MUMBAI/DETROIT (Reuters) - India’s Tata Motors Ltd (TAMO.BO)(TTM.N) announced a $2.3 billion deal on Wednesday to buy Jaguar and Land Rover from Ford Motor Co (F.N), a transaction that gives the Indian automaker a line-up ranging from the world’s cheapest car to some of its more expensive.
For Tata, which plans to launch the ultra-cheap $2,500 Nano or “People’s Car,” the addition of the profitable Land Rover brand provides an edge against Indian rival Mahindra & Mahindra Ltd (MAHM.BO), which had also pursued a deal with Ford.
Ford, for its part, gets to shed the money-losing Jaguar brand and gains a cash infusion at a time when the U.S. market is slumping and it is attempting to bounce back from combined losses of more than $15 billion over the past two years.
The sale price is roughly 40 percent of what Ford paid for the two brands. Ford acquired Jaguar for $2.5 billion in 1989, but failed to turn the British nameplate into a higher-volume brand. Ford paid $2.75 billion for Land Rover in 2000.
The deal also underscores the shifting balance of power in the global auto industry, where India and other emerging markets are expected to account for almost all of the growth in production over the next five years. None of the established European automakers, including BMW AG or Daimler AG (DAIGn.DE), pursued Jaguar and Land Rover.
They face a new competitor in Tata Group Chairman Ratan Tata, a jet-flying businessman, and his Tata Motors, India’s No. 3 car maker and a unit of the far-flung Tata conglomerate that got its start making locomotives after World War Two.
Ford will contribute up to $600 million to Jaguar and Land Rover pension plans after the closing of the deal, expected in the second quarter. Ford will also continue to supply engines and related components, while providing financing for dealers for up to a year, both companies said. Ford will net about $1.7 billion, in line with expectations.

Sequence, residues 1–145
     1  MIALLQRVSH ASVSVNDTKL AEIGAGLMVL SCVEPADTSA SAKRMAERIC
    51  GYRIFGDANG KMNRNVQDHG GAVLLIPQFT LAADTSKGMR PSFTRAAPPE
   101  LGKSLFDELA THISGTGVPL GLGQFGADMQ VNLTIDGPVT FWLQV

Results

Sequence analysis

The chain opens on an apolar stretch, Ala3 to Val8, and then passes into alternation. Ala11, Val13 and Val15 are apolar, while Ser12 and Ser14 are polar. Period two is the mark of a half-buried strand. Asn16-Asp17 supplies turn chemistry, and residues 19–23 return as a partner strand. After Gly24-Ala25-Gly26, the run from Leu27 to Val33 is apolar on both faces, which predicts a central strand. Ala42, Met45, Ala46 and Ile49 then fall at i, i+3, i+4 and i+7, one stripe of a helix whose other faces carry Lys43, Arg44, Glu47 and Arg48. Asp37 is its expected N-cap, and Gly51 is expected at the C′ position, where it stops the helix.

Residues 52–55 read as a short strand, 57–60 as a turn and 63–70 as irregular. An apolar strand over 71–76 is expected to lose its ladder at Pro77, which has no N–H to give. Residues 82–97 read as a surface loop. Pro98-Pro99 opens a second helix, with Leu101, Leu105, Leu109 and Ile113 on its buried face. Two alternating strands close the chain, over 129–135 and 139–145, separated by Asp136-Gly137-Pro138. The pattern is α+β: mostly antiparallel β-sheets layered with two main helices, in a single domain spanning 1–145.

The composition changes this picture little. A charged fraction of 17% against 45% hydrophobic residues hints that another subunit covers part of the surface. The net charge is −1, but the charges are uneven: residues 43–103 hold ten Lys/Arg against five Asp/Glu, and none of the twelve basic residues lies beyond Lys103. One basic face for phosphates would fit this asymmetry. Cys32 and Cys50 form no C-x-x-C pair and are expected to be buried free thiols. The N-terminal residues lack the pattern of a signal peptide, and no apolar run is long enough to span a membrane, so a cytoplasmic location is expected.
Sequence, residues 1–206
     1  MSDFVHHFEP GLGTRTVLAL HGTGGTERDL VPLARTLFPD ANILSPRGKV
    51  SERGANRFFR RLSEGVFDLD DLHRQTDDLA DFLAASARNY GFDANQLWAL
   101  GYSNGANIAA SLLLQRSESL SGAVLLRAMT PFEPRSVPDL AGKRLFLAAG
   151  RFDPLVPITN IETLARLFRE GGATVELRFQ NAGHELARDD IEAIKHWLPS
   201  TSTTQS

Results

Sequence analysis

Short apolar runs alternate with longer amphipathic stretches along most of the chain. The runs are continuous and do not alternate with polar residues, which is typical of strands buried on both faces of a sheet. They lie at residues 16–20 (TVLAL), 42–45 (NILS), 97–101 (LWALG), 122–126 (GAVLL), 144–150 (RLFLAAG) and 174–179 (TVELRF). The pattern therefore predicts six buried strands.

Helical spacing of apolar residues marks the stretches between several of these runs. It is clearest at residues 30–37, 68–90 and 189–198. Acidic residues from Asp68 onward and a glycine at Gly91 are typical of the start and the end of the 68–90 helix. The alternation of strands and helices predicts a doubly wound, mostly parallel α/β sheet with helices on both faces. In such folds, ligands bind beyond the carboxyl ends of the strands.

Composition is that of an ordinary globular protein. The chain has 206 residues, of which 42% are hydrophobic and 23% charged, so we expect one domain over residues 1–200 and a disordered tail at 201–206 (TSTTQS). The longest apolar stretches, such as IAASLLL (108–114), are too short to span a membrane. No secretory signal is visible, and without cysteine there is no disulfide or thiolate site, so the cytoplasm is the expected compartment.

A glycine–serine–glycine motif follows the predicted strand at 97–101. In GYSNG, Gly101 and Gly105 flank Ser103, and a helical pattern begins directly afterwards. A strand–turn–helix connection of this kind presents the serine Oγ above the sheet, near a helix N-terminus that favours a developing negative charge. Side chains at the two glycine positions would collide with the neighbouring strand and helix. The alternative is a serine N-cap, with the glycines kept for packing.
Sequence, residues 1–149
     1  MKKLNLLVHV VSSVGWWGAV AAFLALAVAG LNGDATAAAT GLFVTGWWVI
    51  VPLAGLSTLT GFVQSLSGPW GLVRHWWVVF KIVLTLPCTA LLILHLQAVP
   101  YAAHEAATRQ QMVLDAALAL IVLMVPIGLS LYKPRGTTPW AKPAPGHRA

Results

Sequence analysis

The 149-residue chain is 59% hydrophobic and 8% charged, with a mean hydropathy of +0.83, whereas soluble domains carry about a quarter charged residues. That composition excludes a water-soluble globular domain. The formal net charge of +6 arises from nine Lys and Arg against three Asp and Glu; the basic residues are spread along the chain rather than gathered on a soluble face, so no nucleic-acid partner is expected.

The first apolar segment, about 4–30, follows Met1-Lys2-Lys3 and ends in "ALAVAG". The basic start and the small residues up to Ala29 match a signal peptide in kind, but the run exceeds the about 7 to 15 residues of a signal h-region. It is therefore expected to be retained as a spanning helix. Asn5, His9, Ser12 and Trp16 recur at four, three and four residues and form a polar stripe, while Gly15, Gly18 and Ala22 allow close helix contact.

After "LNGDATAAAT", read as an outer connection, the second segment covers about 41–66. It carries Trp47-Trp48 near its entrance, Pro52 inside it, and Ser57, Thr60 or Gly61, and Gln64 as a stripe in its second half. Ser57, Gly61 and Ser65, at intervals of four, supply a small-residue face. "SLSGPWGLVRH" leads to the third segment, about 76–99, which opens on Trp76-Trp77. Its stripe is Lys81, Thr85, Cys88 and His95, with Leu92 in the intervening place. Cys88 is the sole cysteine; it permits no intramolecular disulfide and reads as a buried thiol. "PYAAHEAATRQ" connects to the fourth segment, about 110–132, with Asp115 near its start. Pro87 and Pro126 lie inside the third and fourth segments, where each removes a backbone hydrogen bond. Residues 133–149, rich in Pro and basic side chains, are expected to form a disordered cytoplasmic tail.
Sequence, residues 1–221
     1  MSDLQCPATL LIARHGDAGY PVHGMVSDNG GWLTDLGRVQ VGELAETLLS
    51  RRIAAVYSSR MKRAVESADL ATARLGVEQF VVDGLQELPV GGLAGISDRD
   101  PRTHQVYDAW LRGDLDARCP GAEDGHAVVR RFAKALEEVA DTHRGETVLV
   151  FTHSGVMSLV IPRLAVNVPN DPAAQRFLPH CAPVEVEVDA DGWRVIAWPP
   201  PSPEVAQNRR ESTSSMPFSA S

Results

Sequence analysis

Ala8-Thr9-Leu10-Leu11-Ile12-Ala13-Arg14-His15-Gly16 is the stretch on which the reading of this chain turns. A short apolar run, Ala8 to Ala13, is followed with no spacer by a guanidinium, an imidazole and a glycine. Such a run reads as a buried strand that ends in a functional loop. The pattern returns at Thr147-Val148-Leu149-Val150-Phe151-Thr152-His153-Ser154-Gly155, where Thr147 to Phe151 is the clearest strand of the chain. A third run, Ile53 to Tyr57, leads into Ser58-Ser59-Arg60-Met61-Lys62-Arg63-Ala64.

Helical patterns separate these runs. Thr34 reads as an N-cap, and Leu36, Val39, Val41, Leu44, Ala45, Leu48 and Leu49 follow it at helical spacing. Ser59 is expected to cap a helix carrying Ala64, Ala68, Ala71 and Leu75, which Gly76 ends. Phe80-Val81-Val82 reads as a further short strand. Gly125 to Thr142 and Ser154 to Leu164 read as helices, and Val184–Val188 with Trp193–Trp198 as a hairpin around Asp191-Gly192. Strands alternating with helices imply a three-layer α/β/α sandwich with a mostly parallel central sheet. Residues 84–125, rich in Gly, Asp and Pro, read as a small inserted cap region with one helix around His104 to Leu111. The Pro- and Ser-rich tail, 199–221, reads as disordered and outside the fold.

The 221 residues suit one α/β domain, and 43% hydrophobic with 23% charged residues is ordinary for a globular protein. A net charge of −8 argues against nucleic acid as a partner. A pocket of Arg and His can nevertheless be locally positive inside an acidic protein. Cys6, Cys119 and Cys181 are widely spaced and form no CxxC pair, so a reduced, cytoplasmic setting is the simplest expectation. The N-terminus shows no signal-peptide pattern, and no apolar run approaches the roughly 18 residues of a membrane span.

Ford is selling Jaguar and Land Rover to focus on turning around its money-losing operations in North America. Ford says it is on track to return to profitability in 2009, although its restructuring has been complicated by a U.S. economy at risk of tipping into recession and its own more limited success in buying out high-wage union workers, analysts have said.
“It certainly gives them a little bit of cash,” Erich Merkle, an analyst at Michigan-based IRN Inc said of the impact of the deal on Ford. “It would stop the bleeding (caused by Jaguar) and allow them to focus resources.”
With the deal, Ford disbands its Premier Automotive Group, whose only remaining brand is Volvo. Analysts expect Ford eventually to spin off the safety-oriented Swedish auto brand, but only after returning it to profitability.
Tata Motors shares closed down 0.1 percent at 679.40 rupees in a Mumbai market. Ford shares were down almost 2 percent at $5.90 on the New York Stock Exchange.
Analysts have expressed concern about how Tata Motors would fund the deal and how it would fit the luxury brands into its stable of trucks, buses and cars, including the planned Nano, the world’s cheapest car.
Tata has announced plans to raise $4 billion, which is expected to help finance the Ford deal and the manufacture of the Nano, which it unveiled in January.
The deal comes at a time when tight credit markets have raised borrowing costs and shut down deals. Standard & Poor’s placed Tata Motors on review for a possible downgrade in January, citing the potential increase in its debt load from the acquisition of Jaguar and Land Rover.
The Tata Group has made a number of overseas takeovers in recent years, including last year’s $13 billion buy of Anglo- Dutch steelmaker Corus by Tata Steel Ltd (TISC.BO).
Kimberly Rodriguez, principal at Grant Thornton, said Tata’s track record with acquisitions showed it was willing to run brands independently and said it was likely to do the same with Jaguar and Land Rover, while pouring money into the brands in a way that Ford could not.
“It would be a much more core product line for Tata than it would have been for Ford,” Rodriguez said. “Land Rover is critical because it allows them to compete with Mahindra. Jaguar may be a long-term play.”
With a market capitalization of $12.8 billion, Ford has seen its value plunge by some 80 percent since 2001, when U.S. auto sales began trending lower.
Ford was advised by Goldman Sachs, HSBC and Morgan Stanley. Tata was advised by JP Morgan and Citigroup.
Additional reporting by Soyoung Kim in Detroit; Editing by Steve Orlofsky/Andre Grenon